I can easily point out my flaws when it comes to developing a romantic relationship. I am so afraid of getting hurt that I often put up this protective shield that can push men away. I have a sharp tongue, and I'm not afraid to use it. Additionally, whereas I am warm in most of my interactions with others, I can be distant with potential mates. And let's not even talk about trust. I try to be trusting, but I've been lied to and betrayed enough to know that trust really does have to be built. But honestly, most of these flaws do not present themselves without some kind of action that sends up red flags in my mind. The point is, I know that I am not perfect, so I cannot expect perfection, and I know what kinds of "issues" I bring to the table and where they come from.

There was a three-week period last month where I was told by two different men, "You have deep-seated issues with men." The first time I heard it, I could understand why that person mentioned it. We were in a situation where he had done something so wrong to me that I could have pursued actions that would have led to life-changing consequences for him. He was in a position to lose a lot, but was trying to hold on for dear life by telling me what he thought was wrong with me to deflect what he had done. He had previously heard about some of my romantic relationship concerns, and thought this could be a good time to bring up an area where I was most vulnerable, because he was very vulnerable.

The second time I heard it, though, I started to wonder. Do I have "deep-seated" issues with men? Having heard this twice in three weeks, I had to ask myself if I was the reason why I was having issues with these two men. However, the second time I heard it, it was from someone with whom I'd been in a romantic relationship. We had just had a conversation where I made it clear that I was moving on, and that included dating again. After receiving that information, he spent a lot of time telling me where my future relationships with men would fail, and that my "deep-seated issues" wouldn't allow me to have a healthy, long-term relationship with another man. At first, I was scared that he was right. But then I realized that this is what someone says when they are afraid of losing you. Just like an emotional abuser will tell you that no one will love you the way he or she does, he was telling me that any of my future relationships would fail because of ME.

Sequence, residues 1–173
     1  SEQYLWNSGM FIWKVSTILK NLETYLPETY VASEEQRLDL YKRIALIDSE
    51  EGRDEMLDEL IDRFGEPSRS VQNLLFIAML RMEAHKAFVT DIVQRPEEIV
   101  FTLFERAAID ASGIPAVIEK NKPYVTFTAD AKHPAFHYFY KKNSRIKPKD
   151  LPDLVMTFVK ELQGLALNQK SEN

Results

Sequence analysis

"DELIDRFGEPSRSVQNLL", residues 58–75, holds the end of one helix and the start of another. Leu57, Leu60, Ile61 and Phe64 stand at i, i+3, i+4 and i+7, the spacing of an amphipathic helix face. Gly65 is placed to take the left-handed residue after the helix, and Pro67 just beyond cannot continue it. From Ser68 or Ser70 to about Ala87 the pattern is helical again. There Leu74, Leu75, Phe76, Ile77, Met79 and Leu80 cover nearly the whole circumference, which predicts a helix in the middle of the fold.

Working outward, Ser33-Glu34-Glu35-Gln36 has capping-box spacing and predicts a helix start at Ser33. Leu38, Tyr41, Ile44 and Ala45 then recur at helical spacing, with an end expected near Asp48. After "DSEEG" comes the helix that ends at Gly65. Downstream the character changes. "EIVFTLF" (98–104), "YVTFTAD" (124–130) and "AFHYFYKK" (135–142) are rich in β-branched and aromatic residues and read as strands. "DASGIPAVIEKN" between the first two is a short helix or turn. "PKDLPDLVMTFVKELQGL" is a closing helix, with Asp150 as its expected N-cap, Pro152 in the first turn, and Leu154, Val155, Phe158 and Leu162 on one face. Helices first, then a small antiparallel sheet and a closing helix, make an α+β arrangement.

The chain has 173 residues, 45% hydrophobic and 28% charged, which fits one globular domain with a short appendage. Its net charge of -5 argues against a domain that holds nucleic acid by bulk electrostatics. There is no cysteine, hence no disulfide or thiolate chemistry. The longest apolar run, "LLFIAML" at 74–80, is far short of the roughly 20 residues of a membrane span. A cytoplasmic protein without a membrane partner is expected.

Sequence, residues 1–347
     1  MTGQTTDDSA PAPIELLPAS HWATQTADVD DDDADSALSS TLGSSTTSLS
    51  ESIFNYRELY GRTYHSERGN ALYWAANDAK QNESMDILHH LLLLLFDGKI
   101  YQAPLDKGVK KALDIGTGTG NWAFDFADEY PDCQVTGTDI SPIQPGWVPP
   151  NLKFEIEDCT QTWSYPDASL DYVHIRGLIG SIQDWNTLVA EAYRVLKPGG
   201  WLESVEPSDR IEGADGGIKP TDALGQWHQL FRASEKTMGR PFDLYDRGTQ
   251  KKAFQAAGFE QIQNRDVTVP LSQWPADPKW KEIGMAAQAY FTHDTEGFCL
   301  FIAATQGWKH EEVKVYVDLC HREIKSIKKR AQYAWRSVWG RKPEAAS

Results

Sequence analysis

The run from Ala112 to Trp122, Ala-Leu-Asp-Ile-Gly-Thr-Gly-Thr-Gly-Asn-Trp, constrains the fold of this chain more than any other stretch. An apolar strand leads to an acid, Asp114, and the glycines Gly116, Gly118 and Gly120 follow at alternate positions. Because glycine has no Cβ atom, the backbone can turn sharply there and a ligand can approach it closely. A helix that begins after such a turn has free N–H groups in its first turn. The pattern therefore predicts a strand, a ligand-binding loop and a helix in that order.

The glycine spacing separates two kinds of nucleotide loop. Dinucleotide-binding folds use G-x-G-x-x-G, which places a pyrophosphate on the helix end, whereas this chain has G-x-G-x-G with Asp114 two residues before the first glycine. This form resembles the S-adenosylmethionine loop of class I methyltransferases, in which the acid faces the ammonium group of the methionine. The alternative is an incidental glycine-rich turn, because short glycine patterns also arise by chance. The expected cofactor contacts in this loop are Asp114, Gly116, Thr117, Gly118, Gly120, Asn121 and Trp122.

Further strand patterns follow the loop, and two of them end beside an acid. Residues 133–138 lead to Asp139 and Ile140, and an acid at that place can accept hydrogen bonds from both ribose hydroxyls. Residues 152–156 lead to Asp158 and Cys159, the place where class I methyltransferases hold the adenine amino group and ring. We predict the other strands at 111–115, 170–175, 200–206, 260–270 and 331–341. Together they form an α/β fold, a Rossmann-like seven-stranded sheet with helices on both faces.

I'm divorced. I already know what one failed relationship looks like. And yes, it is part of the reason why I'm afraid to fully open up, because I don't want to fail again. But this guy, this one who told me my issues were the reason my relationships would fail, has issues that would take years upon years of psychotherapy, or a miracle from God, to heal. His way of dealing with emotions is to ignore them. His way of dealing with me is to hurt me and push me away. So, while I'm fully aware that we all do have issues, I realized that some people are willing to be honest and up front about what theirs are, while others are far too happy to project theirs on to me.

The first man was angry with me and blamed me for "not letting him be a man", when in reality he had put himself in a position to lose his personality to a woman he chose to be with, someone who did not want him to have any other "single, beautiful women" in his life (quotes are his words). The second man was angry at me and blamed me for our unhealthy relationship, when in reality his lack of self-love and his own unwillingness to grow and face his personal demons had caused him to reject the love of the very person he's claimed to love since we met thirty years ago.